Rolex Mythbusting: Is Rolex Really An American Company?
There is no getting away from it, Rolex is HUGE in the big US of A, but is Rolex really an American Company? With the most recognizable brand on any dial from Key West to Montana, the myth has deep roots. Did you know that a surprising number of people actually believe The Crown to be as American as apple pie and ice cream sundaes? That’s right, and I am sorry to have to disappoint you, but it isn’t. So where did this myth originate, and is there any truth to it? I mean Rolex sure is as Swiss as Raclette, right?
The Origin of the #1 Myth
Did you believe Rolex to be a Latin term with intrinsic meaning, perhaps riffing on the passage of time itself? Well so did I, but do you know what? No, just like the myth of an American origin, it is entirely made up, sorry to disappoint you. The name Rolex is entirely invented, and it is neither an anagram of luxury, much like the car brand Lexus. According to Business Insider, the inspiration is as charming as it is very likely true:
The name Rolex is entirely invented
“I tried combining the letters of the alphabet in every possible way,” Wilsdorf supposedly said, according to Rolex. “This gave me some hundred names, but none of them felt quite right. One morning, while riding on the upper deck of a horse-drawn omnibus along Cheapside in the City of London, a genie whispered ‘Rolex’ in my ear.” Another theory is that the name is an onomatopoeic word, sounding like a watch being wound (or so the Wikipedia story goes).
A German-British Start
Rolex is both a Swiss institution and the number one Swiss watch export. Many of us do know the origins of the brand, but I’ll still ruffle a few feathers when I unceremoniously remind you that the beginning was not in Geneva but in London. Rolex watches were Swiss Made from Day One (audible sighs of relief), but founded in 1905 as Wilsdorf and Davis. The company registered “Rolex” as the brand name in 1908 and became Rolex Watch Co. Ltd. in 1915. After WW1 the company moved to Bienne in the canton of Bern due to the economy in the United Kingdom. Bienne remains the main production site while HQ is in Geneva. In 1920, Wilsdorf registered Montres Rolex SA in Geneva as the new company name, it later became Rolex SA. Since 1960, the company has been owned by the Hans Wilsdorf Foundation, a private family trust.
The magic of the Silver Screen
There is no escaping the fact that Rolex is the household name for Luxury watches. And especially throughout the large expanse of states across the Atlantic. Why? Well, it is obviously helped by the vast number of movies emanating from Hollywood. I would bet a fair few dollars that Rolex is the first name to pop up for a stylist when picking out accessories for a CEO slash Tycoon slash Mafia Don. And the nurturing of dreams is the raison d’être for the entire movie industry, including the world of unattainable status symbols. From James Bond to American Psycho, the movie-going public has been feeding on the hype for decades.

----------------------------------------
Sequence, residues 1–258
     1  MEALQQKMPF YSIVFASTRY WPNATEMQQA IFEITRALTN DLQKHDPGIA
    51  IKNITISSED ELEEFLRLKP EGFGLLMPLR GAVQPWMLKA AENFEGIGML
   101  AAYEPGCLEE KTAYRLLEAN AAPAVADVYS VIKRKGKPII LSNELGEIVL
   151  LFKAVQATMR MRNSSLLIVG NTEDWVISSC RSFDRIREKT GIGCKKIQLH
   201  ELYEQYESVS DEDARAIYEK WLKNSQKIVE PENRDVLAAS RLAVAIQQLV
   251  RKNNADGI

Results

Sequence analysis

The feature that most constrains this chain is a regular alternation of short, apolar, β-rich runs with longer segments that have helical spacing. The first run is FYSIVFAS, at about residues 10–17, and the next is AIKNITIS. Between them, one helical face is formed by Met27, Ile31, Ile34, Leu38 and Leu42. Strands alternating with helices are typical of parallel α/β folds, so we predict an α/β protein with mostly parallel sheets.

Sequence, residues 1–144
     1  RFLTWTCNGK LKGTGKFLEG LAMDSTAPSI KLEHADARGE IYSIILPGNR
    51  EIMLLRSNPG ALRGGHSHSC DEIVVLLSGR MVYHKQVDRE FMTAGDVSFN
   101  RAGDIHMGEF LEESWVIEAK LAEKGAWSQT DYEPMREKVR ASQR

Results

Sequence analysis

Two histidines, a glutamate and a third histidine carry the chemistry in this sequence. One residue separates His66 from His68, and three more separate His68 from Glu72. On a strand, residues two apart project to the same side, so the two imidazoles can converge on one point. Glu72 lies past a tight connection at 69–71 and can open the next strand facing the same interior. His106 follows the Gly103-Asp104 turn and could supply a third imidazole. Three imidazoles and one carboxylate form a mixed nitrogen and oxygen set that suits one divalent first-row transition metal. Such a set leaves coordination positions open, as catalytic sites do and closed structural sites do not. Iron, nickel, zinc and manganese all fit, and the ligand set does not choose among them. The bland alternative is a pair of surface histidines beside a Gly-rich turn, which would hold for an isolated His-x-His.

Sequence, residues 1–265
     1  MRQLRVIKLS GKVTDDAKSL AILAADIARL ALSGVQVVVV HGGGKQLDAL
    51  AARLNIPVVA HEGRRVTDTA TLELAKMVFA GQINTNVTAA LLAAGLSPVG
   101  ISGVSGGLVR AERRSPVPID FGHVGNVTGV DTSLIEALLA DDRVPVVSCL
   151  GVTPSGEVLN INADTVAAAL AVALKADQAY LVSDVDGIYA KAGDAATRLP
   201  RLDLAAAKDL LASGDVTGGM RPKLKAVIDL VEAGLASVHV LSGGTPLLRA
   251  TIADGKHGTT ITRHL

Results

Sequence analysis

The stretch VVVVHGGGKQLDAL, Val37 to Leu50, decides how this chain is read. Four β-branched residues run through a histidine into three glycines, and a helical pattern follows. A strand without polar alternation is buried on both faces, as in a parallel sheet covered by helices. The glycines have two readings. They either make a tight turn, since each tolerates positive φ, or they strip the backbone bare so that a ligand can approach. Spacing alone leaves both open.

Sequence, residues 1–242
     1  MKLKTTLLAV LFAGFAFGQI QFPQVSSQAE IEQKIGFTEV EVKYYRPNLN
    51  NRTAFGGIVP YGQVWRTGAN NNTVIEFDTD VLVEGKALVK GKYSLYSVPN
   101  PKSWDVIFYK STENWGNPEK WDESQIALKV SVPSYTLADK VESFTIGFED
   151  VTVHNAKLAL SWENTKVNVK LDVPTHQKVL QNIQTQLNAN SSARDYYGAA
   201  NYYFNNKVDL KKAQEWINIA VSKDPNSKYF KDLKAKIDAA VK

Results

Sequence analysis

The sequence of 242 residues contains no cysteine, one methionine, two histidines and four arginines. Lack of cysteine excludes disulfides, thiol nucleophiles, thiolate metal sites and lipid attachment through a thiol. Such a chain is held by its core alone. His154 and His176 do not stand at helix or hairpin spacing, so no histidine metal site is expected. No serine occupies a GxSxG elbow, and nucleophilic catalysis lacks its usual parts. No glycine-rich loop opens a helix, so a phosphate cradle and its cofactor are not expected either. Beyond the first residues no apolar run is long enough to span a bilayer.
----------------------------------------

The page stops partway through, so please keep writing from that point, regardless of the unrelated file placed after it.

The American Prize
If you are a sports fan, whether it be Golf or the hardcore 24 hours of Daytona, Rolex sponsors the big events. How can this change the perception of the general public? And this means an engraved Daytona for all-American heroes like Mario Andretti, even Golf champions, a sure-fire way to perpetuate the myth. And we’re not even mentioning Brand Ambassadors. I mean, what better way to live the daydream of a racing driver than wearing his prize?
The Retirement Gift of Choice
A more quirky way to associate Rolex with all-American traditions is the double-logoed charm of a company anniversary watch. What better way to embody this than the crazy placement of a Domino’s Pizza logo, soldered onto the actual Oyster bracelet of an Oyster Perpetual? These are fun, though perhaps too much fun if an Oyster Perpetual is your elusive grail. Me, I love the quirky cool, and they are mainly attributed to US companies like Domino’s Pizza. Let me encourage you to Google these or check out Chrono24, and you might be tempted by the cheeky desecration of a be-crowned dial through cartoon colors.
The present-day is very different than the reality we experienced only a few years ago. Two words that come to mind are “pandemic” and “availability.” Tell me the truth, none of us could have foreseen a virus bringing the world to a halt, or that unworn examples of the basic Oyster Perpetual are being auctioned off at double their retail price. Those candy-colored dials are delicious, but come on! The thirst for Swiss 904L steel seems unquenchable but just imagine (cue time-traveling sound effects) June 1968. Imagine humanely priced Air Kings and Datejusts being bought in the dozens by Domino’s Pizza. wheeled in by the UPS guy and shoved unceremoniously onto a shelf in a stock room. As American as Apple Pie!
So one thing is now clear: Rolex does hold strong ties to American culture, brands, and even motorsport. Though these ties are perhaps the root of the myth, I can confirm that Rolex’s American origins are just that, a myth. Rolex is a Swiss brand through and through, though its roots are German and British.
As always, let me know your thoughts in the comments down below. Also, if there are any other horological myths and urban legends that you’d like to see broken down, note them down also.